Thursday, September 17, 2015

Chile Earthquake Triggers Tsunami Wave

September 17, 2015 9:16 am

Chile earthquake triggers tsunami waves

A magnitude 8.3 earthquake off the coast of Chile has forced more than 1m people to seek shelter from tsunami waves that flooded some coastal areas.



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The quake, which struck on Wednesday evening, killed at least eight people and was felt in the capital Santiago, 280km to the south. It triggered waves of up to 4.5 metres in the coastal town of Coquimbo, the worst affected area, left thousands without water or electricity and closed roads and public transport across the north of the country.
The toll may rise, since phone networks are still down in some areas.
It is the biggest quake to hit Chile since 2010, when a devastating magnitude 8.8 earthquake triggered tsunami waves that killed more than 500 people. The Chilean government, which faced criticism for its response then, has since performed drills and worked hard to increase public awareness.
The speed of the authorities’ reaction on Wednesday in evacuating 1m people and the absence of any serious damage show how well prepared the earthquake-prone nation now is to deal with powerful natural disasters, with most of its nationwide infrastructure, including electricity and telecommunications, functioning normally.
“Once again we must confront a powerful blow from nature,” Michelle Bachelet, president, said in a televised address. The government said it would declare disaster zones where needed to streamline aid to those affected, but that it did not yet see a need to declare a state of emergency. It has now lifted tsunami warnings across the country.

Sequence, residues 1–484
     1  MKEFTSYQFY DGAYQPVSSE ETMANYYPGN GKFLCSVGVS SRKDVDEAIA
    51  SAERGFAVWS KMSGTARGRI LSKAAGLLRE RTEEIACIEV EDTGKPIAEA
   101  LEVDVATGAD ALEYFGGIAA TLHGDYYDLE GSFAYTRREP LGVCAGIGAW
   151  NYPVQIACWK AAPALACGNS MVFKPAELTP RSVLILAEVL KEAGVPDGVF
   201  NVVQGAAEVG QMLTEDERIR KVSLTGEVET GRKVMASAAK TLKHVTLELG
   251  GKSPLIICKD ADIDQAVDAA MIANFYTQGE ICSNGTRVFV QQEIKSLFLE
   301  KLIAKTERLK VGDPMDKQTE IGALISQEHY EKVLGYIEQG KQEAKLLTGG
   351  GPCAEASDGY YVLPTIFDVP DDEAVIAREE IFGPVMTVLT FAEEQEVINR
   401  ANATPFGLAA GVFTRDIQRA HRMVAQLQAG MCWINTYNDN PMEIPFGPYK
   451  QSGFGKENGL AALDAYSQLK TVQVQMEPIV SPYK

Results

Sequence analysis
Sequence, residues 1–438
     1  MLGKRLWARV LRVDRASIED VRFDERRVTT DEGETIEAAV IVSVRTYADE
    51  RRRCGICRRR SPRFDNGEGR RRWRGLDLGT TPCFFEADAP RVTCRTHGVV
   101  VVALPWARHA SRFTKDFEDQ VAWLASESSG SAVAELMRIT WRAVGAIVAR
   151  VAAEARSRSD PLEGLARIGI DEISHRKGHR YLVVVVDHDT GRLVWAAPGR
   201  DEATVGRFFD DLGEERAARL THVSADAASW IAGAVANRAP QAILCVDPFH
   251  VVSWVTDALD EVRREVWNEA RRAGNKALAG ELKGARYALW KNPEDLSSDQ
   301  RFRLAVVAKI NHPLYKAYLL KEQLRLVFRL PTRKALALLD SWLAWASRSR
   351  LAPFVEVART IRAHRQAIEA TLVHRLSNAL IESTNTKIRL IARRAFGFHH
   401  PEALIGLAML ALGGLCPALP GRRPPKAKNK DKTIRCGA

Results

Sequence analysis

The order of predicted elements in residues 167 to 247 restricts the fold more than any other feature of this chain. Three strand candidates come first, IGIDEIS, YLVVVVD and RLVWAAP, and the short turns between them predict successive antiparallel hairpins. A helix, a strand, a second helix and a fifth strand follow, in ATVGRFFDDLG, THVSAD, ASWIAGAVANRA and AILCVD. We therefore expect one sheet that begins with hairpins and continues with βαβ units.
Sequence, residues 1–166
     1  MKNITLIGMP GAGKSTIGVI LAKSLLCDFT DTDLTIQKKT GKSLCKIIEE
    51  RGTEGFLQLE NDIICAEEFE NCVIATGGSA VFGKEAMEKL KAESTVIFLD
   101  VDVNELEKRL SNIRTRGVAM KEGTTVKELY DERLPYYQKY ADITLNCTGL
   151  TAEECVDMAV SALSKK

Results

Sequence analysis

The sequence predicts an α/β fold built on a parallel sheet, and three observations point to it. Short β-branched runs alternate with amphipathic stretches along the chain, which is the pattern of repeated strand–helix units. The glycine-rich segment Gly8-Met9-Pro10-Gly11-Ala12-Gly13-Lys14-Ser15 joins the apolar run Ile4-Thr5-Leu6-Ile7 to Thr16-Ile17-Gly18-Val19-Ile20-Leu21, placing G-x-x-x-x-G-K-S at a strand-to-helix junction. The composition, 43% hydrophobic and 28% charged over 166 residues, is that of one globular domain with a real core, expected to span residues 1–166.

Ms Bachelet is to visit the quake zone.
Codelco, the state-owned copper miner, said it had suspended operations at its Andina mine and evacuated workers from its Ventanas smelter. Antofagasta, the London-listed miner, said it had halted operations at the Los Pelambres copper mine and would assess any damage once daybreak came. Copper prices on the London Metal Exchange hit two-month highs in early trading on fears of disruption to supply.
map: Chile earthquake
The US Geological Survey has recorded a series of aftershocks and a Pacific-wide tsunami warning predicts that waves could rise more than three metres above tide level in Chile and between one and three metres above the tide in French Polynesia. Elsewhere, the impact is expected to be less severe, but waves could reach up to one metre above tide level as far away as New Zealand.
Many Chileans would have been travelling to the coast for a week of national holiday that begins on Friday.
A live CNN broadcast showed the moment the quake hit in Santiago, while photos posted on social media showed debris strewn across the streets of coastal towns, homes damaged by flooding and families crowded on higher ground spending the night watching the sea.
Chile has a long history of massive earthquakes, including the largest on record, the 1960 quake of magnitude 9.5.
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